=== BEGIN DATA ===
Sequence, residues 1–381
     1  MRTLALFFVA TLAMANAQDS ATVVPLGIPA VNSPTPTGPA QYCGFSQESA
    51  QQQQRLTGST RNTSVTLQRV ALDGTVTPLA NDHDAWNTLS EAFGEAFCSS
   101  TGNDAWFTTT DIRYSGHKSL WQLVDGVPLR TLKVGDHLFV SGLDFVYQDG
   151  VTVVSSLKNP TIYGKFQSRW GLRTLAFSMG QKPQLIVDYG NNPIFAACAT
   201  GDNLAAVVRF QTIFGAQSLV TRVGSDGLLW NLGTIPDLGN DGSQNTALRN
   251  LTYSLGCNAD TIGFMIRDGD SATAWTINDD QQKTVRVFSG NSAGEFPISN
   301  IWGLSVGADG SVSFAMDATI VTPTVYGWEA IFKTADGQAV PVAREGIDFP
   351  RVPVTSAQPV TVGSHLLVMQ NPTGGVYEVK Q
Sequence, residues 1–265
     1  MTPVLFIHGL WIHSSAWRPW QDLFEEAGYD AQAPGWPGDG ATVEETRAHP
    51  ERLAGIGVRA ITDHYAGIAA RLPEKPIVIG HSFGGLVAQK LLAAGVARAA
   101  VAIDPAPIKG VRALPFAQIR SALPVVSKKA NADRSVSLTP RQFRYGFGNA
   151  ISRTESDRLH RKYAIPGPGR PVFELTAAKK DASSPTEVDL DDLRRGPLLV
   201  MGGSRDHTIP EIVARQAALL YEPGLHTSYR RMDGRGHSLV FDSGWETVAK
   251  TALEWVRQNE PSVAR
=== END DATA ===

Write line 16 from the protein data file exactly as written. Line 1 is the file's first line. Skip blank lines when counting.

   251  TALEWVRQNE PSVAR